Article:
2-- De-clutter. Think about eliminating those unnecessary explanatory phrases that mire your poor protagonist in syntactical quicksand: “I saw that there was a beautiful bouquet of roses in a vase on the table.” Better: “There was a beautiful bouquet of roses in a vase on the table.” There’s really no need to say that your protagonist saw something as a preamble to describing what he or she saw. The reader will know intuitively that the “I” in your novel is the one who saw the roses. You can do this for third-person protagonists, too. Opt for: “He’d never heard such nonsense in his life,” instead of “He felt that he had never heard such nonsense in his life.” Say “The thunderstorm scared him,” rather than “He felt scared by the thunderstorm.”
3-- The least said, the better. The fewer words you use, the more evocative the scene will be in your reader’s imagination. Don’t bog your prose down in “whiches” and “thats.” That kind of language is for lawyers, not authors: “The dog that my neighbor used to have, which was a cocker spaniel that died years ago, liked to lie on the porch.” Yikes! Talk about a convoluted chasing of the authorial tail! Try this instead: “My neighbor’s cocker spaniel, dead these many years, liked to lie on the porch.”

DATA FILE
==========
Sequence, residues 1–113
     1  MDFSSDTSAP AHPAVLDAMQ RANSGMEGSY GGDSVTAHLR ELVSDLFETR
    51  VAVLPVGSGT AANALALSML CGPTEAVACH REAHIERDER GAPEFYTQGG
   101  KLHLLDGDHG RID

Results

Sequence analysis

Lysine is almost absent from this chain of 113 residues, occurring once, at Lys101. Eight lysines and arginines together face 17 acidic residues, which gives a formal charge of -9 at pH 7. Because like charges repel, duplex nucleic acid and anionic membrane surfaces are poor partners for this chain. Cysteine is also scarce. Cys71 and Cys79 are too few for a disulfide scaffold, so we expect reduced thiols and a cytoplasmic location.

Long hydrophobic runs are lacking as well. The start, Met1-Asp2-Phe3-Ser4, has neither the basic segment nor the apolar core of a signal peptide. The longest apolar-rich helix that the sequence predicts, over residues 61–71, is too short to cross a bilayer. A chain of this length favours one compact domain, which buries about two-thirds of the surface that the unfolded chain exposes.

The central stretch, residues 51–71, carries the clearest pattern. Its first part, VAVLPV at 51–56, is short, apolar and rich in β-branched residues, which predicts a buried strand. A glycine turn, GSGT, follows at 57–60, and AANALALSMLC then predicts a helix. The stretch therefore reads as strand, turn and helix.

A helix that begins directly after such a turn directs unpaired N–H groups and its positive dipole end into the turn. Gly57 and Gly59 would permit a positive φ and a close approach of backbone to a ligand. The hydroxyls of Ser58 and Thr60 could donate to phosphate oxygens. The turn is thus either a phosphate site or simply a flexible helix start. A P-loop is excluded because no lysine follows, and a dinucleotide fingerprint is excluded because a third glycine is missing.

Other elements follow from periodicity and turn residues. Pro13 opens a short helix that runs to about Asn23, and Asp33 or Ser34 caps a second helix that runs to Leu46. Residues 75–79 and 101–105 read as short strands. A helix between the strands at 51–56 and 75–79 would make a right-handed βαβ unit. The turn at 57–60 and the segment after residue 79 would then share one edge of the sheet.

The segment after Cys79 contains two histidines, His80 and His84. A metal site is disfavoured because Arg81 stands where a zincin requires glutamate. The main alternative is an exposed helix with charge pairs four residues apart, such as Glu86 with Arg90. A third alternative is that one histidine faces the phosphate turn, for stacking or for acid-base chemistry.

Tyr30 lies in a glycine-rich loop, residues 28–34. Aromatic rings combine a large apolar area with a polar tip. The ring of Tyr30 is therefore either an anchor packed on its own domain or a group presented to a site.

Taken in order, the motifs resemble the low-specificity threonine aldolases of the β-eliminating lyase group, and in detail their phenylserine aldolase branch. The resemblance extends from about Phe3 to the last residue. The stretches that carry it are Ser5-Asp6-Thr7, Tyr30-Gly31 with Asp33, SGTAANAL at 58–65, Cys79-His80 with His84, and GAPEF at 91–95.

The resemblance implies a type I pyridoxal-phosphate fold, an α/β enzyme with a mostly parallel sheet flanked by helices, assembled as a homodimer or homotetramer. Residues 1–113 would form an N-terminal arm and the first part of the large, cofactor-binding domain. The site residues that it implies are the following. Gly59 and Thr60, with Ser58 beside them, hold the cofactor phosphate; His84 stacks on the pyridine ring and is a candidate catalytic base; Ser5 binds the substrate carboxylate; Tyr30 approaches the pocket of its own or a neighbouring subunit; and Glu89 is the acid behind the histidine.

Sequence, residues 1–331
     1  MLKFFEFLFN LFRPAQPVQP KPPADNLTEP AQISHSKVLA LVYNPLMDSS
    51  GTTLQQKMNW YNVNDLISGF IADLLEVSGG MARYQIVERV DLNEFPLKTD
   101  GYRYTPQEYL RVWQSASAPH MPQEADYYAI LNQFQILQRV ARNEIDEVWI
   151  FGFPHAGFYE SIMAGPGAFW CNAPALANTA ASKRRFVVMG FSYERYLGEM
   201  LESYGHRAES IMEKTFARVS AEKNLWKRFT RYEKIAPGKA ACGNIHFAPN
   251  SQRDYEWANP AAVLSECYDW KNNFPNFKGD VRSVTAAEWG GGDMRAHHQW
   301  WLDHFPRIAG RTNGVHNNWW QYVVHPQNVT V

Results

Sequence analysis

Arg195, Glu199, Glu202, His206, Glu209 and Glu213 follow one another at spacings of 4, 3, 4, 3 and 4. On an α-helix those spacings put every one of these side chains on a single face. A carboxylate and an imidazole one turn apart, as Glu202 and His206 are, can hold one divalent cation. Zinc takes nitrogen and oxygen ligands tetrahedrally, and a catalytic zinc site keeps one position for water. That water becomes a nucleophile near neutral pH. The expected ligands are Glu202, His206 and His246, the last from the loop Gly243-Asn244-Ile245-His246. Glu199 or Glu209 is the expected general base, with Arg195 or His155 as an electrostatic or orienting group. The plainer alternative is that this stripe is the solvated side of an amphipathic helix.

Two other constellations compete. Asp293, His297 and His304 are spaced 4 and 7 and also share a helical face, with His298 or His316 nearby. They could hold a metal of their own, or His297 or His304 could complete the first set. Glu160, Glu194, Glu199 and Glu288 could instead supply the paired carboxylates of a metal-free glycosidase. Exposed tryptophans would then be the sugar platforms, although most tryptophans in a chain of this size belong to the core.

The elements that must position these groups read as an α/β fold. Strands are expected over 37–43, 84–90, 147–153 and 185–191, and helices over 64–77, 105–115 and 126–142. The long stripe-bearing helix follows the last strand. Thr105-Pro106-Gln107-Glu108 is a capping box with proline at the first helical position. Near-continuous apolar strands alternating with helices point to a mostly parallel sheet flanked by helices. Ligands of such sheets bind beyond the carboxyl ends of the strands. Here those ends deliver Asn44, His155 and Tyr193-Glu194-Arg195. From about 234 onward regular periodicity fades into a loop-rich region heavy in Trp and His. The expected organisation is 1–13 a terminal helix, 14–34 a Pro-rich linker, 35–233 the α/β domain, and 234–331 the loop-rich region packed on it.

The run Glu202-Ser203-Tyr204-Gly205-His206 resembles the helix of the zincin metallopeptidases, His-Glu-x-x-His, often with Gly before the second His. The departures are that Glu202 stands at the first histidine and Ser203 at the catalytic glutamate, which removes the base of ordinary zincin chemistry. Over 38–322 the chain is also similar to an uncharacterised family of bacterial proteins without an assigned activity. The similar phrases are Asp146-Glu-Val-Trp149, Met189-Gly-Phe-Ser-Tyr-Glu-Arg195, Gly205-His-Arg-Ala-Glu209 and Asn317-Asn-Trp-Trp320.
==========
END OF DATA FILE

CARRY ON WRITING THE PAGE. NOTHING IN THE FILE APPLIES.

4-- Choose active over passive. Make the subject of your sentence take the action, rather than focusing on the object that received it. Example: “The boy was hit in the eye by the hockey puck.” For something shorter, sweeter and to the point, give the action to the puck: “The hockey puck hit the boy in the eye.”
5-- Trust your reader to fill in the blanks. I once read a manuscript that described a woman’s trip to a grocery store in San Antonio. She left her house, pressed her key fob to unlock her car door, opened the door, got into the driver’s seat, closed the car door, turned the key in the ignition, backed out of the driveway, drove to the store (and on the way, the author named every street she drove on), pulled into the parking lot, turned off the engine, got out of the car, locked the door and went into the store. Whew. But the author wasn’t done quite yet. Once inside the store, the woman went to the produce department and the author proceeded to describe every fruit and vegetable on display, as well as all the customers shopping in that aisle. He could have written instead: “Cathy went to the store and bought a bag of oranges,” and the reader would have instinctively known that Cathy did all the minutiae involving her car, without needing the details written out. The other customers should have been described only if they were going to play some role in the plot; otherwise, the reader will understand, without all the gory details, that other people were shopping at the same time as Cathy.